A Canadian hyperloop startup now seeks to raise more than $380 million for the first-phase of its potentially revolutionary transportation project after winning support last month from Alberta government officials in a new agreement.

Toronto-based TransPod, which has proposed rocketing passengers and cargo at hundreds of miles per hour between Edmonton and Calgary through levitating tubes, said securing provincial approval provides a crucial measure of support for the budding project.

The memo of understanding between Alberta and TransPod does not include any government money, but province support will help the developer solidify its pitch to private investors who the company anticipates will bankroll the project, said its CEO and founder Sebastien Gendron.

He said the Alberta agreement is the first support of a government entity within a G7 country, according to a Canadian Broadcasting Corp. (CBC) report.

But the venture faces significant challenges, with a new report by Transport Canada throwing cold water on the feasibility of hyperloop technology.

The study, conducted for the public agency by engineering giant AECOM, said hyperloop technology shows “promise.” The firm has been involved in design and constructon of test facilities for other proposed projects.

But the report cited “too many uncertainties” for the hyperloop concept “to be considered a near-term, viable alternative to present day high-speed rail, magnetic-levitation trains, or aviation.”

Matti Siemiatycki, an urban planning and transportation professor at the University of Toronto, said the Transport Canada report underlines the challenges facing new and unproven transportation technologies like hyperloop, which are in early stages of a vetting process that could take years to play out.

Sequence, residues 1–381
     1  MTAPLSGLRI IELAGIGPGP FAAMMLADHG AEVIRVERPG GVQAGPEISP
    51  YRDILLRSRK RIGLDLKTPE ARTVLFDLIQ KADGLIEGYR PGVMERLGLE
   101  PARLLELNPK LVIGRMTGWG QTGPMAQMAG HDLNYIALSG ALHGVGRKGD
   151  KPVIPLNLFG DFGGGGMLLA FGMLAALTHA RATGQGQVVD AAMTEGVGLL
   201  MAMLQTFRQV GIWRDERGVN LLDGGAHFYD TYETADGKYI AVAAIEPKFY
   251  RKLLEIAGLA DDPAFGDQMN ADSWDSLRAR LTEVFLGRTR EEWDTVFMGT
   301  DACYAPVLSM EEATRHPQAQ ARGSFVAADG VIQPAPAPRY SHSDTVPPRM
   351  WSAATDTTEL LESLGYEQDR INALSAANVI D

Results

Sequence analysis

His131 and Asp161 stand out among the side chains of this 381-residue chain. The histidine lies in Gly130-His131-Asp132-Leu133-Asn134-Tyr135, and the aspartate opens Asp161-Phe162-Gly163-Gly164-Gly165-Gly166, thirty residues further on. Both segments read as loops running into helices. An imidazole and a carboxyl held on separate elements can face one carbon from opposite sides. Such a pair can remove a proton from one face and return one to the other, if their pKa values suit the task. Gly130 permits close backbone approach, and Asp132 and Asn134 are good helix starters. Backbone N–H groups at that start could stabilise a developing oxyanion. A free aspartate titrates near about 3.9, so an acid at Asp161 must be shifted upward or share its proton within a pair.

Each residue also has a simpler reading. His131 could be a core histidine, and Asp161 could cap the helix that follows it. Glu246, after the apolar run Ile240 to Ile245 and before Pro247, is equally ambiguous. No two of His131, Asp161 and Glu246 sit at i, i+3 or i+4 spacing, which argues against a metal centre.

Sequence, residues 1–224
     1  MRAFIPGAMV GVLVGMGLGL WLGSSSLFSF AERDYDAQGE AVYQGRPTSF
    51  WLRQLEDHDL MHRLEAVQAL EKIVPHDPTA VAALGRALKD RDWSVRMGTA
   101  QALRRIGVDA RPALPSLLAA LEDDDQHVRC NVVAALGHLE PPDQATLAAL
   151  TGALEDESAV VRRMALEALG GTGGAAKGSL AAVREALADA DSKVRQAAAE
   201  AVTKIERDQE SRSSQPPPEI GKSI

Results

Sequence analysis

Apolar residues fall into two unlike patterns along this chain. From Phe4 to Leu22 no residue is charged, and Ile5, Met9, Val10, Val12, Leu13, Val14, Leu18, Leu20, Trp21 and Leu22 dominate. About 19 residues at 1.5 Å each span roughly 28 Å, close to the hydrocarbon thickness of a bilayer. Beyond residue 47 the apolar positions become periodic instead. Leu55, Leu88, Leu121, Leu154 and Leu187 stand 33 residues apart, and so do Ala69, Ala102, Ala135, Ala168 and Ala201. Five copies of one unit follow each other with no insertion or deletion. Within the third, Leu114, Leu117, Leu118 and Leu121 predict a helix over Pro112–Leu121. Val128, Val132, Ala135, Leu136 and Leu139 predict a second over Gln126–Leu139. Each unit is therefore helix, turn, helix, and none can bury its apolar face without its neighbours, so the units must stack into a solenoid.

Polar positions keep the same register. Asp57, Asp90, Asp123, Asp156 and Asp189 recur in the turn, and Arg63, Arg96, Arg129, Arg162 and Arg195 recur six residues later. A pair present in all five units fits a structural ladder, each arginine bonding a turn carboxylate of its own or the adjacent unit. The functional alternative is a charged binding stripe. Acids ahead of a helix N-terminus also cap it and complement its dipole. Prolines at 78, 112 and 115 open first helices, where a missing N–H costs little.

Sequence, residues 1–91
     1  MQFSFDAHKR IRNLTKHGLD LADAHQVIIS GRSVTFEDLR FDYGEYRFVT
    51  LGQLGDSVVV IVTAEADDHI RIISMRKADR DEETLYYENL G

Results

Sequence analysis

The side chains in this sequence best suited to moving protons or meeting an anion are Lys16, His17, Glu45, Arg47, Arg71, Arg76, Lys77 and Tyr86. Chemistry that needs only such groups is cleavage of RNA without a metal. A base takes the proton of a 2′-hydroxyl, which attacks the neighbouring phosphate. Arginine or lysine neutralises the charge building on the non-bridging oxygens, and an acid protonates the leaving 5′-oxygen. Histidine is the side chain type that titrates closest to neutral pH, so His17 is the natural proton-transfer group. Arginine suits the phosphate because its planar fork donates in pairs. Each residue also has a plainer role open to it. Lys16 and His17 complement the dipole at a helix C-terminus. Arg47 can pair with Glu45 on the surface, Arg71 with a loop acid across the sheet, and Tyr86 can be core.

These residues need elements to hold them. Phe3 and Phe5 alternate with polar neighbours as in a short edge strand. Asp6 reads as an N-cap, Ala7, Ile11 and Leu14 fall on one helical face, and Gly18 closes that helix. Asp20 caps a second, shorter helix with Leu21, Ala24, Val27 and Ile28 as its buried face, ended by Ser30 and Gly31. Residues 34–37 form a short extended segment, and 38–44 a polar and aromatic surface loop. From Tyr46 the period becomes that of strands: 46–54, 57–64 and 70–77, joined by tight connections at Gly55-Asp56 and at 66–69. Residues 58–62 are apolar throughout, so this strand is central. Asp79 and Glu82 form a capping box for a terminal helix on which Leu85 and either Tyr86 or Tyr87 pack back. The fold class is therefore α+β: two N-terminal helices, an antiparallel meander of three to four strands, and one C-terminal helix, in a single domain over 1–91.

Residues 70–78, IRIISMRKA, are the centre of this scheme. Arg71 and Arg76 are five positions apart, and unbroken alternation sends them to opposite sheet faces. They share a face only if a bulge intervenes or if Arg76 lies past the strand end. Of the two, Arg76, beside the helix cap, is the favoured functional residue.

Still, TransPod’s CEO is hailing the agreement with Alberta as a major step forward, saying it will help give investors confidence that hyperloop technology is real.

Potential investors have been concerned about whether there is a market for such an ambitious and cutting-edge infrastructure project, so the agreement will provide a major boost.

“We wanted to have official support,” Gendron said. “The support is more important than the money. It shows potential.”

Still, TransPod’s proposal comes at a time when hyperloop style transportation projects are starting to proliferate around the word, with billionaires like Elon Musk and Richard Branson promoting their own projects.

While some players in the new field have been cagey about details of the technical aspects of their plans, TransPod hopes to set itself apart by releasing a detailed description of the technology behind the proposal.

Founded in 2016, the company plans to follow that up with release in the spring of a feasibility study on the project, followed by a financing agreement in the summer for the first phase.

If all goes well, TransPod hopes to start work on the first, $380-million-plus phase of the project in 2023, which will involve initial buildout of 2 miles of the eventual 186-mile hyperloop between Edmonton and Calgary, Gendron said, with funding also backing remaining testing and research.

TransPod’s budding proposal calls for aircraft-like, magnetically-levitated vehicles moving at more than 620 miles per hour through an above-ground, vacuum-sealed tube atop concrete posts. The vehicles would carry a mix of passengers and cargo, reducing the trip between Edmonton and Calgary, which now takes several hours by car or truck, to 30 minutes.

The total cost of the project could hit $7.2 billion, with construction of the main hyperloop section under way between 2025 and 2030, Gendron said.

The project does not plan to seek public money, but Gendron said it is interested in potential funding from the quasi-public Canada Infrastructure Bank, launched a few years ago to use billions in federal seed money to raise tens and even hundreds of billions in private investment dollars for public infrastructure projects.

TransPod's financing efforts is focused on pension funds, sovereign wealth funds and other investors who have become major players over the past few decades in major public infrastructure project finance.